The professor, George Kalamaras, is someone I wish I could have as like a poetry version of a life coach. Shouldn't there be such a thing? Shouldn't we all have a poetry life coach in our lives that we can touch base with, a person to call at 3AM when you can't write because you're too happy? I wonder how much that would cost.

The last class I had with a workshop in was a creative non-fiction class where your peers would be critiquing your 4,000 word essays, and it could be uncomfortable at times. But poetry is condensed language, and I'm finding that workshop in this current class provides me with condensed anxiety. Maybe anxiety isn't the right word, but it's not far off.

So far, of the five or six poems I've assembled, I think I like two. Of those two, only one probably deserves to be liked. I'm spending today trying to mess with a poem for Monday. It's okay. It starts out clunky, but that doesn't bother me yet.


There is a currency in this town

in a lack of information.

We dole it from card catalogs

rescued out of the old library

while it was being forgotten.

We traffic in this stuff,

where the weird neighbors live,

how garden hoses left under the snow

carry ice to your bathtub,

and who moved your great aunt

from the assisted living center

during the Alzheimer’s wedding.

She was just starting to like it there.

This week, the suicidal teen

gives his mom three hundred dollars

so she can buy a car he won’t worry about.

He asks only for the van in the drive.

Maybe he can get something for it

before she forgets and lets

his brother drive it into the river.

Sunday, February 04, 2007

Look at me, watching the football.

I'm a little surprised to be sitting on the couch watching the game tonight, but here I am, and it's pretty good fun--wow, what a cool run the guy named Wayne just had.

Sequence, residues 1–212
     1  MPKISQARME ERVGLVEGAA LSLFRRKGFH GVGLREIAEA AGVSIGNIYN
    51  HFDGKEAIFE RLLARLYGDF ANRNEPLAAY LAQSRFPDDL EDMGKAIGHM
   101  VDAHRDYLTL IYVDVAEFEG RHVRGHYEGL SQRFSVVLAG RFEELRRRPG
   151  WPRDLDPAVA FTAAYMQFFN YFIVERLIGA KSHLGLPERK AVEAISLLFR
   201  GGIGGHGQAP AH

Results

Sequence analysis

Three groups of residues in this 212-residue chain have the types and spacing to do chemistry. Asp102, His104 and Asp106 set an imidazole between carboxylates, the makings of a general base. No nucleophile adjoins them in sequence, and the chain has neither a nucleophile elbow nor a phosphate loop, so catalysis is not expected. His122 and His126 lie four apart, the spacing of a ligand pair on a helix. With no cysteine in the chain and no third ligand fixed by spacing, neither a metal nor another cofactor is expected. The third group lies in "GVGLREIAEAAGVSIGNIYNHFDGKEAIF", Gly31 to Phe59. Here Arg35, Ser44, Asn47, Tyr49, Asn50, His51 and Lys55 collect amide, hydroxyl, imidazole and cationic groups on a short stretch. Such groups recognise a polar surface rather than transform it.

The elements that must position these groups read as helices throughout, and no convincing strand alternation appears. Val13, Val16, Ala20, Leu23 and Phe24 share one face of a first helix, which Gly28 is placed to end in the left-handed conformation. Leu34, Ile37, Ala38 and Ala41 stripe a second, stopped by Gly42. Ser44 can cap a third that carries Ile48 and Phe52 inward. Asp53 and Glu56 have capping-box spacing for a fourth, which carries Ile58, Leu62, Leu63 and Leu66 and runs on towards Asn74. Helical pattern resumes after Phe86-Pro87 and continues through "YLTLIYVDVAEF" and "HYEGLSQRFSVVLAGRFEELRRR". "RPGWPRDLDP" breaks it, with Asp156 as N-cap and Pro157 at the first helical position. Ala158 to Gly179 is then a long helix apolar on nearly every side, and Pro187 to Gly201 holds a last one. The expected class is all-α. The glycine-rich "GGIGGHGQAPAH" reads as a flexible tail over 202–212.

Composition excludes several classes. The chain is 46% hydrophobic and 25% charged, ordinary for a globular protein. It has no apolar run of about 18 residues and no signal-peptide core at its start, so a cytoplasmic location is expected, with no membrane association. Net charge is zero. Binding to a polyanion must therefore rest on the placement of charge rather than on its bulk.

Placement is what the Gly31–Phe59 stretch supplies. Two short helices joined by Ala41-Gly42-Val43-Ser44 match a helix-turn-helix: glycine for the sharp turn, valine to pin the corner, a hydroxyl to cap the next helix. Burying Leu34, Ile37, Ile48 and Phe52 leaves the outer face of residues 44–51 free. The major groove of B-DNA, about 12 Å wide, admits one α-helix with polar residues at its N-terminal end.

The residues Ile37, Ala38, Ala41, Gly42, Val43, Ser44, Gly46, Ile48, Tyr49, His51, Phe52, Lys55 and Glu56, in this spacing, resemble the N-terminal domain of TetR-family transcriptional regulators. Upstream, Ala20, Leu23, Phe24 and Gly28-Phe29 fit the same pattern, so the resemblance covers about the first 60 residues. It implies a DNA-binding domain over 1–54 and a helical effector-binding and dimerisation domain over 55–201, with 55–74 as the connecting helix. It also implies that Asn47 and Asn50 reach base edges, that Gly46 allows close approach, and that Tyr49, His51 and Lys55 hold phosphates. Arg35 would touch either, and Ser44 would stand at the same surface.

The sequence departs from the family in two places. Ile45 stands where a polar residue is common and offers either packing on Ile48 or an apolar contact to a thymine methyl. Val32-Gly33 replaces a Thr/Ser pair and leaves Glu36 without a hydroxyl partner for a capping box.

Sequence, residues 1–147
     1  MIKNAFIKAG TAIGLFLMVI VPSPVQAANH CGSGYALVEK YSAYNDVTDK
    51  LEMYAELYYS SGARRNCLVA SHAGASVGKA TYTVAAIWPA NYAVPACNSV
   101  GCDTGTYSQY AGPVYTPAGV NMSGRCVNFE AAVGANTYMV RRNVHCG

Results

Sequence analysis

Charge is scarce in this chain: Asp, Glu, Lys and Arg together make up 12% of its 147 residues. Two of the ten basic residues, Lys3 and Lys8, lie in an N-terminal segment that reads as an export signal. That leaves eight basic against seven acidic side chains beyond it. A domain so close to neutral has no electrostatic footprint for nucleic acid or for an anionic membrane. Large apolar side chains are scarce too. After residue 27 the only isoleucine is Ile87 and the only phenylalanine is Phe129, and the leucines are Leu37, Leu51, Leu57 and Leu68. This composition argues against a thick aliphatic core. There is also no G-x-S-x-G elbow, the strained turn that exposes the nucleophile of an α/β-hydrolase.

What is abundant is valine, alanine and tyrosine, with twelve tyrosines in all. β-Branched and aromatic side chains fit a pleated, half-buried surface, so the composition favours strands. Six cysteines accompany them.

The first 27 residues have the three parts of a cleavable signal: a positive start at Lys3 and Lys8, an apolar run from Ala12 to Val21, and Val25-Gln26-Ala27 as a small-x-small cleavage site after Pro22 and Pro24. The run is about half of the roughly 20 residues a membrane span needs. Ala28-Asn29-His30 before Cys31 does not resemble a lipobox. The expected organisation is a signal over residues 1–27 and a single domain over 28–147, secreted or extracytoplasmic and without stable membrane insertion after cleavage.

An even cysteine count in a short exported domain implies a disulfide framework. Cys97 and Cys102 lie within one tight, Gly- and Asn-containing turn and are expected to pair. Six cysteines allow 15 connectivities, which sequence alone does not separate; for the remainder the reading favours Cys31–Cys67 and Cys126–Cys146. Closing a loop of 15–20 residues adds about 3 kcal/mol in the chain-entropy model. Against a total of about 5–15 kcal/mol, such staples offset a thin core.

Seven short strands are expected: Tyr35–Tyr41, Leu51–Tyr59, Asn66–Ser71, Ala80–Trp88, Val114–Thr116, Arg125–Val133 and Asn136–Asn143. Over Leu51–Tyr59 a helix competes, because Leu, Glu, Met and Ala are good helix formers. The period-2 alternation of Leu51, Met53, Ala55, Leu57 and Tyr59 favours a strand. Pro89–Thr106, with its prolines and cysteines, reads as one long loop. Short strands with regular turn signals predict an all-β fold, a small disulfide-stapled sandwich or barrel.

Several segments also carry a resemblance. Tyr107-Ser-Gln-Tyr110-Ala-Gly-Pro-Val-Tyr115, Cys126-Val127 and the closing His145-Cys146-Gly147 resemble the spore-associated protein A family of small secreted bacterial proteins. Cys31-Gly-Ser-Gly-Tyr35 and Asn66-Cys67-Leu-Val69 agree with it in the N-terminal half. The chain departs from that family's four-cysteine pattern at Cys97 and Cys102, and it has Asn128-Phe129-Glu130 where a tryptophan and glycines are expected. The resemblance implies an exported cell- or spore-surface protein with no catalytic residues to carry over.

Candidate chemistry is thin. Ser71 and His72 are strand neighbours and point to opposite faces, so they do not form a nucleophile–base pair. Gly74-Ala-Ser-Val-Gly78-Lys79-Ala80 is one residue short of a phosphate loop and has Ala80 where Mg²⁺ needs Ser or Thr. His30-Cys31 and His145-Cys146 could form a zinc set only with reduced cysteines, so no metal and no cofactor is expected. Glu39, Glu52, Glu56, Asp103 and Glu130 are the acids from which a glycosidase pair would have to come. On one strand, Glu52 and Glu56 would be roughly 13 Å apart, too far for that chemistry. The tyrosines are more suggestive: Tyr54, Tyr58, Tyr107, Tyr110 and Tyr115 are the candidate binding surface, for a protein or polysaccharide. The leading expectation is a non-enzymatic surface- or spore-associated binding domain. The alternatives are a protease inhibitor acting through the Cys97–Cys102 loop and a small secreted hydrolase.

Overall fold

I grew up liking just college sports, IU basketbll mostly. I think rooting for big professional outfits made as much sense to me as rooting for companies like IBM or 5/3 Bank. I still feel that way; there just doesn't seem to be enough of a relationship between the players and "the people."

But that's different today. So many people have this game on their minds that it does feel like a significant shared experience. So significant, in fact, that I think schools are calling for 2 hr delays tomorrow just so that kids can stay up late to watch the game. At least that's my assumption--I can't think of any other reason for the mass delays.

So anyway, this is fun. I've learned a few things. For example, my ol' lady just told me she heard that the quarterbacks all have 2-way radios in their helmets. I never knew that.

UPDATE: The wife points out that schools are probably delayed so that little Timmy and Sally don't have to wait at the bus stop when it's 0 degrees. I'm not sure that two hours is going to make any discernible difference, but the appearance that matters.

I wonder how the hard core road cyclist I saw today is doing. It's true: I saw a guy zipping by the house in full winter gear. I wanted to run out there and pump my fists at him, but it was too cold. I've ridden road in the twenties and mountain biked in the teens, but this guy was crazy. He didn't even have a balaclava covering his face. I admire the guy because most of my favorite riders are the tough guy Spring Classics riders, these Belgians who ride in the snow in shorts and short sleeve jerseys.